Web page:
10 April 2003
LORD MAY IN THE GUARDIAN - MOMENT OF TRUTH?
Moment of truth?
There was a letter in the Guardian at the weekend from the Godafther of British GM, Derek Burke, squealing with delight over their new Thursday 'science' pages and a rabid piece they'd published by Matt Ridley.
This Thursday the Guardian provides a platform for Lord May...
EXCERPT: "Will the companies that have sponsored the [GM farm scale evaluation] research objectively take note of any negative results? Will groups like Greenpeace, the members of which actively set about destroying the plants involved in the farm scale evaluations, impartially assess any positive results? And will the Government allow a full and proper debate about the results among all stakeholders, before making decisions about the future commercial planting of GM crops? For the answers to these questions, we can only wait and hope." Hope NOT presumably in the Royal Society's case, given their record of dishonesty, threats and spin with regard to this issue...
Lord May also expects us to believe that the fact that it is an RS journal that will be publishing this research is nothing to worry about - the journal is completely independent. Curious then that the Minister of the Environment in answering a Parliamentary Question below says that it was not the journal's editor but Lord May's deputy, the Vice President of the Royal Society who replied on behalf of the journal. The Vice Presient of the Royal Society, Sir Brian Heap, has consistently been at the heart of the Royal Society's dubious activities in this area - see: Strange Bedfellows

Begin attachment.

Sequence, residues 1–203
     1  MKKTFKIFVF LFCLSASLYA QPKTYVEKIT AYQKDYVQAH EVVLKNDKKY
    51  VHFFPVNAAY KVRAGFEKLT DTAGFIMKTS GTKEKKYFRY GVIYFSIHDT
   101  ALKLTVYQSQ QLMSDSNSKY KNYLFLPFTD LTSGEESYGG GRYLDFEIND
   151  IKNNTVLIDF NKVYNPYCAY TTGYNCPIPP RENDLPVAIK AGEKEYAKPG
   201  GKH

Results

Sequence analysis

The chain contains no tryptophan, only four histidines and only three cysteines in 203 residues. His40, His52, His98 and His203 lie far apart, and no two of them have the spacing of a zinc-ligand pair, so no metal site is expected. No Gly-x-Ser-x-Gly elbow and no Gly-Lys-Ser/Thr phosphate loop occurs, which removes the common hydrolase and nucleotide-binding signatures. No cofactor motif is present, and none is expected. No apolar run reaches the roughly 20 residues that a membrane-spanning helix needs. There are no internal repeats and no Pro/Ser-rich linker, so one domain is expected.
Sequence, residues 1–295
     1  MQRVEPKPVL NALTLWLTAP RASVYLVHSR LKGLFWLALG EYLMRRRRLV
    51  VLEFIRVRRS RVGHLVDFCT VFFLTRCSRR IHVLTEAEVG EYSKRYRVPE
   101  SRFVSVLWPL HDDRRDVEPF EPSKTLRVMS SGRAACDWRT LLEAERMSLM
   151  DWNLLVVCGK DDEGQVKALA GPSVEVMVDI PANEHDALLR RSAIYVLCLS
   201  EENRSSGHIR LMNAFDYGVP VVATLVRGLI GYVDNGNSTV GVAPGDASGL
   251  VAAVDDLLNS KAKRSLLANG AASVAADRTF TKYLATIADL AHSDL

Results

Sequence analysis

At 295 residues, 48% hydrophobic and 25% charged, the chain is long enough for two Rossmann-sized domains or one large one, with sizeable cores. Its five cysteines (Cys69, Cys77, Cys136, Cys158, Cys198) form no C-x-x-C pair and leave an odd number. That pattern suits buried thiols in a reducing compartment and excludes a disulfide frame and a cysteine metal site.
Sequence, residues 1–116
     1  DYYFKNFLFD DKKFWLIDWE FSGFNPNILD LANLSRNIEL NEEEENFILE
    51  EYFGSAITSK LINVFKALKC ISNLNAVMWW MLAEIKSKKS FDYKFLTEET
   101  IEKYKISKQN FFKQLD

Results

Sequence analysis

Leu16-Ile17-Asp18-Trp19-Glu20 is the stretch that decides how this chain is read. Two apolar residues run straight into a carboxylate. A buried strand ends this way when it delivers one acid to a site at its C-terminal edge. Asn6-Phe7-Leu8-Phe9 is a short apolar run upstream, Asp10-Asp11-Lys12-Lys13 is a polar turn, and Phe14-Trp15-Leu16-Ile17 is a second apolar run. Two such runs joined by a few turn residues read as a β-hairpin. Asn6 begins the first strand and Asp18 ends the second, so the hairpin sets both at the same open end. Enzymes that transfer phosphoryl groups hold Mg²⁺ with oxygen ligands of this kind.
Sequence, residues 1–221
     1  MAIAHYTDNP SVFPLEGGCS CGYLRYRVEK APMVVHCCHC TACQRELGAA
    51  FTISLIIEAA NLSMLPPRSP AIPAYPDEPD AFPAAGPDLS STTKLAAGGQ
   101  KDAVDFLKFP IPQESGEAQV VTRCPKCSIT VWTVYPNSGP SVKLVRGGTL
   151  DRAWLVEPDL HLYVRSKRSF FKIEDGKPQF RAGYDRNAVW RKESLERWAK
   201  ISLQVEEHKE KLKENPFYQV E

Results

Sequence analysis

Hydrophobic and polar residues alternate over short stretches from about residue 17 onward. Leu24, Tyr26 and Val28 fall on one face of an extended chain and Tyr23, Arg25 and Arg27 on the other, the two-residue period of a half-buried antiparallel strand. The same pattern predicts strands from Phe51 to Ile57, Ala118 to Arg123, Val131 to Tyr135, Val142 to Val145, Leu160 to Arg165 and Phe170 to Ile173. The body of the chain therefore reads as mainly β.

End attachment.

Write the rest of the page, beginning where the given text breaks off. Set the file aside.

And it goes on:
Joan Ruddock: To ask the Secretary of State for Environment, Food and Rural Affairs when she and her officials have (a) telephoned and (b) written to the Royal Society during 2003 concerning publication of "The Farm Scale Evaluations with GM Crops"; and what was discussed. 
Mr. Meacher [holding answer 7 April 2003]: ...On 27 February 2003 the Vice President of the Royal Society wrote to the Secretary of State acknowledging that the farm-scale evaluation papers had been received from the research consortium and giving an indication of the likely timing of publication should the papers be accepted. The Secretary of State responded on 4 March 2003 thanking him for this information.
Moment of truth for GM crops
Bob May explains how the results of the first field trials will be weighed up by scientists
Thursday April 10, 2003
GM crops will be back in the news with a vengeance later this year when we learn whether the first results of Britain's three-year farm scale evaluations are sound enough to appear in a scientific journal - and after that, whether the government is going to allow these crops to be grown commercially.
One problem for the government is that few people outside the scientific community seem to be fully aware of the process through which these trials will be assessed, before those decisions are made.